Speaker 2 (12:27):
Don't automatically put in your mind that, you know, the background, this is just not going to work because we are changing personally, as someone who's been in the industry. Love to hear what you would say to, um, uh, what you would say in general, what you like about being in the housing industry, and then what you would say to women who are considering a career in housing. Okay. So the housing industry, you know, I could say I grew up, I grew up in it, but just because you grew up in, it doesn't mean that you love it. What I mainly love about building people, a house is that the whole time that I'm building this product, they are coming in, they're putting prayers on their foundation, or they're bringing grandma in the Walker and might be the first time anybody ever bought a house and they're looking at a nest smell.
Speaker 2 (13:21):
And then they taking so much great pride in it. And I'm able to create a house that these people are now going to make a home. And that is so rewarding to me. Um, I'm able to give to somebody something that they will cherish, um, for a long time. And I love that, you know, for commercial industry, I just could not take two to 12 months, two to three years of rebar that didn't attract to me, but what a house. And I get to see all my little two creations, uh, all at once. So I really, really liked that. You know, they're going to remember you like, Hey, she built my house. So, Hey, I mean, just think about, like I say, you making a home for somebody, um, you, you could, you're a part of breaking generation crisis. You are a part of, uh, you know, people making a big decision, you know, not only financially, but mentally it's really, really something to look at.
Speaker 2 (14:21):
Well. So what would you say to women who are considering a career in housing? What advice would you give them? I would tell them to, you know, really, really just believe in yourself and do it. You know, it's going to be a lot of people that want to tell you, and I'm not talking about an industry. I'm talking about industry. That's going to tell you, that's not a woman's work or, you know, women are balloon long in that place. Or, um, you know, you really think about nursing or something else. No, I would say this is a day where we can do whatever we want to do. And if you want it to go into construction, if you want to be a project manager, if you want to be a superintendent, you have every right to do it and you will be able to do it.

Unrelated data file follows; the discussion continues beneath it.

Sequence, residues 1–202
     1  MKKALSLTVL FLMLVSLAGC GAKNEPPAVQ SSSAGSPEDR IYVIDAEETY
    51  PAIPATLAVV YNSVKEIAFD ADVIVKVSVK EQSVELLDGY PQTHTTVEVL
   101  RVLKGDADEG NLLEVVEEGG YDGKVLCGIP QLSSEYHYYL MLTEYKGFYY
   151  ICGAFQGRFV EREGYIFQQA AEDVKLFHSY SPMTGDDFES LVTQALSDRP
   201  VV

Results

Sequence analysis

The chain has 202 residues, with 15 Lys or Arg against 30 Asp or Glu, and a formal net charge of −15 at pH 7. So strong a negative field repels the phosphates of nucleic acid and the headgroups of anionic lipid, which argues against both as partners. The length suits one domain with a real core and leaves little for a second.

Speaker 2 (15:09):
And that's the great thing about how things have evolved over the years. Like you have a chance now to really do what you want. You don't have to get told yes or no. It's just up to you. And if you want to do it, so one final question for you, what can we do as an industry to recruit and develop a more inclusive workforce? I will say too. Um, like I always say don't think of diversity as a fact, diversity should be something that you all work for, uh, continuously. Um, I think that the more people come in and see, uh, and I'm, I'm talking about my white male students too. They're they have grown up not as secluded or, um, segregated than we did. They have grown up with people from all walks of life. So, um, they would like to go into places that look like their surroundings, right? The more that companies look like, they're some, roundings the more that they are able to attract more diverse, diverse people. Um, people like to go in and say, Hey, I identify with that person. Or, oh, I'm a woman. Oh, you have a, another woman superintendent. You can pair me up with. Great. You know? And, uh, it makes people feel comfortable and, and people tend to do that better when they, in an environment that they're comfortable.
Speaker 2 (16:42):
Well, thank you so much for your time today, Sharna. Yes. Thank you so much, Betsy. I enjoyed talking to you. I enjoy talking to you as well.
Speaker 1 (16:53):
On behalf of the housing innovation Alliance and the university of Denver. This is Dr. Eric Holt. Thank you for being part of our journey. This is where innovation calls home.